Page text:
Common Flea Species

The main concern about fleas and ticks is usually the distress and discomfort that their bites may cause you or your beloved pet. Learn more about the lifecycles and habits of these blood-suckers that are commonly found in Singapore.

Cat Flea

(Ctenocephalides felis)

Cat fleas are often unable to determine whether a host is suitable until it has been bitten. If it is deemed unsuitable, the flea soon drops off.

Appearance

  • Cat fleas are 3mm long wingless ticks, flattened from side to side with long legs enabling them to jump.
  • They have both genal and pronotal combs (ctenidia), differentiating them from most other fleas of domestic animals.

Life cycle

  • Fleas pass through four stages: eggs, larva, pupa, adult. The eggs are small and white. These stages combined vary from two weeks to eight months.
  • The adult flea is awakened by the detection of vibration of pet or human movement, pressure, heat, noise, or carbon dioxide for potential blood meals.
  • A cat flea cannot complete its life–cycle feeding only on human blood.

Habits

  • Cat fleas nest where the host is in its usual resting place, for example the cat basket. This is where the young often drop to mature.

Dog Flea

(Ctenocephalides canis)

Adult Dog fleas feed on the blood of dogs and cats, and they occasionally bite humans.

It is a vector of the Dog Tapeworm, Dipylidium caninum, which can also affect humans.

Appearance

  • Adult is brownish black in colour, but appear reddish–black after a blood meal.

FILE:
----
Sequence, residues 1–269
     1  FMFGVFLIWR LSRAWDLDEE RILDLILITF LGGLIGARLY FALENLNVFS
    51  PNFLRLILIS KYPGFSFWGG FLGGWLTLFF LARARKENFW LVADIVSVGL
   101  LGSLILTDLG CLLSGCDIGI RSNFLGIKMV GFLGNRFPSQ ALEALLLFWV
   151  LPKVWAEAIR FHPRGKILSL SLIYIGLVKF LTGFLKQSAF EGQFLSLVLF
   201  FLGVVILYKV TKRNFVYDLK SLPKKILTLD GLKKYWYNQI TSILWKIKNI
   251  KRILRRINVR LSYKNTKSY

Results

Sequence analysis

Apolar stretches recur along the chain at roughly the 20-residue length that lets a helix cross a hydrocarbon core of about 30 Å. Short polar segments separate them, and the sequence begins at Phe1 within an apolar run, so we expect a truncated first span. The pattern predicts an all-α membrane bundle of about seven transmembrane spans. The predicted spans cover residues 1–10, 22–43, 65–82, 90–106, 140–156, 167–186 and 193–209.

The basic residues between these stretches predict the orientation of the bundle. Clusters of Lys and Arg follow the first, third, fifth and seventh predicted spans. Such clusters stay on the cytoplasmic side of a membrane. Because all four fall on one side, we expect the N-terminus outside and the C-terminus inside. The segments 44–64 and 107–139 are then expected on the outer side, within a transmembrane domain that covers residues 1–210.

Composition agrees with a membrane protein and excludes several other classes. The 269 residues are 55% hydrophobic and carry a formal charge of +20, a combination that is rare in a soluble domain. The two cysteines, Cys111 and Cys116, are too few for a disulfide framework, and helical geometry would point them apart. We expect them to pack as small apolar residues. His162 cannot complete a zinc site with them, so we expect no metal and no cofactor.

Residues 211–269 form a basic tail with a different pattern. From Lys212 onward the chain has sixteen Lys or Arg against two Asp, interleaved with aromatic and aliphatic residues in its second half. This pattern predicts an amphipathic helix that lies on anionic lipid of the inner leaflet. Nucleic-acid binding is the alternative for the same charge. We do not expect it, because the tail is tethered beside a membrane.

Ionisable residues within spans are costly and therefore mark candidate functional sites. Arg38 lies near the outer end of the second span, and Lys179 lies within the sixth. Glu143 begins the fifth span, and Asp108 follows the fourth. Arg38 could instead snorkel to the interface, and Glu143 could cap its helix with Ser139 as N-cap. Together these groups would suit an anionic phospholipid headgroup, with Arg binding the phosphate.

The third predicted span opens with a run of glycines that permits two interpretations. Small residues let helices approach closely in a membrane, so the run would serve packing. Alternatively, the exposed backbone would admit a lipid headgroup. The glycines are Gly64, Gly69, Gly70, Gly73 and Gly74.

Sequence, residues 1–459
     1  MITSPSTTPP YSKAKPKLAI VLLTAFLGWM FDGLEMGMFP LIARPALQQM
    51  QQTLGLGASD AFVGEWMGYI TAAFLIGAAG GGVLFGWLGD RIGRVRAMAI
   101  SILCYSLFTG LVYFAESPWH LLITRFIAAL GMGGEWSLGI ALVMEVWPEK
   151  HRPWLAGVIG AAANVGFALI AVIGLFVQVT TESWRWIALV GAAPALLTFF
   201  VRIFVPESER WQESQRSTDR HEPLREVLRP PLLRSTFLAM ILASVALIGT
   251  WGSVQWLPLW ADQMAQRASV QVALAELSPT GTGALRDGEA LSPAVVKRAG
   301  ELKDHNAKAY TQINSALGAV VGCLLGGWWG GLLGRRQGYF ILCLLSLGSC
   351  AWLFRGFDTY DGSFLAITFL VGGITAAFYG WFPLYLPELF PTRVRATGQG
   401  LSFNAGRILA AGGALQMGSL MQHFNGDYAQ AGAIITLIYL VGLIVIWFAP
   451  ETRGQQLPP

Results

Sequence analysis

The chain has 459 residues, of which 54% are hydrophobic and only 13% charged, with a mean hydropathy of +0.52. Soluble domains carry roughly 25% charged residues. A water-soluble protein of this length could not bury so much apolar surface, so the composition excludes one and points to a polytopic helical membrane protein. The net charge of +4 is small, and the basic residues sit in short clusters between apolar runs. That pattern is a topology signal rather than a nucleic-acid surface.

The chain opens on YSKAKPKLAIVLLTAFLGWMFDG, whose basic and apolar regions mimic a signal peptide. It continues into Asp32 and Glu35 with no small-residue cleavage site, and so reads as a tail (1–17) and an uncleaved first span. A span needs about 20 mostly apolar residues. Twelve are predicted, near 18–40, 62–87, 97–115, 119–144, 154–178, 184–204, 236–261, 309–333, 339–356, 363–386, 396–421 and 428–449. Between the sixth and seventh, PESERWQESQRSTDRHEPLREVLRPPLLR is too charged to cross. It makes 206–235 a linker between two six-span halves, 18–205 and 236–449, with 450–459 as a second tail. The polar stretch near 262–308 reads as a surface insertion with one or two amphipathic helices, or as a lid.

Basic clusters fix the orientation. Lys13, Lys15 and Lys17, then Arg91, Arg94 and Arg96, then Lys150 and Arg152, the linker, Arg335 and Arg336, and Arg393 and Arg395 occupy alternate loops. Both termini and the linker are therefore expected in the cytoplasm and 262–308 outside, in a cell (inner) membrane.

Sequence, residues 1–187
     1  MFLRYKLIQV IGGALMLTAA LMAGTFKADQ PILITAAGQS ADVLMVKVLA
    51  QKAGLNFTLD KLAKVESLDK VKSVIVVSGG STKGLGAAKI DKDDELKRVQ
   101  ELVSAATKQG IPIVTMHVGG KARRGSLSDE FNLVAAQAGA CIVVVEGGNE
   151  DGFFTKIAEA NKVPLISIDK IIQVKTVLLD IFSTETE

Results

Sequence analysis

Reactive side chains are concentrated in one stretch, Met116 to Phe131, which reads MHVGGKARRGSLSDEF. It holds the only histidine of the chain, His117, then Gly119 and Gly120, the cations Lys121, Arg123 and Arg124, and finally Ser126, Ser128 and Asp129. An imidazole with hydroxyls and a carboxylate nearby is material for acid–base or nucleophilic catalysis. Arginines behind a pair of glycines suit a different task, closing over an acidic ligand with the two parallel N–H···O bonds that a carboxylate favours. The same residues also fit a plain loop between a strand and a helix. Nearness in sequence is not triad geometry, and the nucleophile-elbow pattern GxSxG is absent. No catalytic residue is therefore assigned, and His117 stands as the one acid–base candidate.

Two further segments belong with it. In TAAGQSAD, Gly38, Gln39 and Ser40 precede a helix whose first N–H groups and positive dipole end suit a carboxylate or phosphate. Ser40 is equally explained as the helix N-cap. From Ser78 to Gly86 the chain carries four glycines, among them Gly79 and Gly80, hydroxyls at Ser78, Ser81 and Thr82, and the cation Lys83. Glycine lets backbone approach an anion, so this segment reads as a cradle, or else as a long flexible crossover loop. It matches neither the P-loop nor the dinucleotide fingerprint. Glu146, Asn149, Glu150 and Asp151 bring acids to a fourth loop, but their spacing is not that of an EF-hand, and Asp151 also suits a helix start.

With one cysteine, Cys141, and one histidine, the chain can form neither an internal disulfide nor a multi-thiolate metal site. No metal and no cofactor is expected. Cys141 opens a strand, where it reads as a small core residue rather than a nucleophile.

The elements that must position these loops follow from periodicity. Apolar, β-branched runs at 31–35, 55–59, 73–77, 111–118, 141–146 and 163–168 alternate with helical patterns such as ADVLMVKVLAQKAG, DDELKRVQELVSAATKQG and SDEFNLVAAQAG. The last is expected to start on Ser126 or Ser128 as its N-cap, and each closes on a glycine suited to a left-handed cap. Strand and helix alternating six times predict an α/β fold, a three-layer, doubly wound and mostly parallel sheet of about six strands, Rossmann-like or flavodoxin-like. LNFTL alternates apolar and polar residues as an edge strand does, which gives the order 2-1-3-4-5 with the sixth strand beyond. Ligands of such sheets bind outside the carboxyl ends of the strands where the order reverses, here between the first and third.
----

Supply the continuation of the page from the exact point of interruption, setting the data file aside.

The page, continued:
• Adult dog fleas are 1 to 4 mm long. The legless larva is off–white and measures up to 5 mm long.

Life cycle

  • The fleas go through a four–stage life cycle: eggs, larvae, pupae, adult.
  • The larvae are longer than the adults and feed on particles of dry blood, excrement, and organic substances.

Habits

  • The body is laterally flattened, which allows it to move easily through an animal’s fur. Spines project backwards from the body of the flea, which help it to hold onto the host animal during grooming.
  • As they can jump approximately 6 inches, they can move from host to host. They can also infest garden lawns.

Human Fleas

(Pulex irritans)

Appearance

  • They are black to brownish–black and wingless.
  • Adult fleas are 1 – 4 mm long.
  • They possess a long, fine proboscis which is used to pierce the skin of their host to feed on their blood.
  • They have a characteristic jumping movement.

Life cycle

  • A female flea will lay 4 – 8 eggs after each blood meal, and can usually lay several hundred eggs during her adult life.
  • The smooth, oval light–coloured eggs measuring around 0.5 mm long, are deposited on, but not firmly attached to, the body, bedding, or nest of the host.
  • The adult generally emerges in a week or two after completing a larval and pupal stage, but under unfavourable conditions, the pupal period may be as long as a year.

Habits

  • Fleas most often bite people around the legs and ankles, usually with 2 – 3 bites in a row.
  • The bites are felt immediately and can be sore for as much as a week.
  • Since they move from one host species to another, they present a risk of transmitting diseases.
  • Human fleas can also be found on animals such as dogs and rats.

Dog Tick

(Rhipicephalus sanguineus)

Appearance

  • Reddish–brown colour. 
  • Elongated body shape.

Life cycle

  • The dog tick is a 3–host tick, so must change host between the 3 stages of growth (larva, nymph and adult). 
  • They require only three blood meals to complete development; once at each growth stage.

Habits

  • It is found on dogs, in kennels and houses, and occasionally on wildlife, but rarely on humans. 
  • In warm areas several generations of tick can be expected per year. 
  • The most common places for attachment on dogs are those areas the animal is unable to groom easily.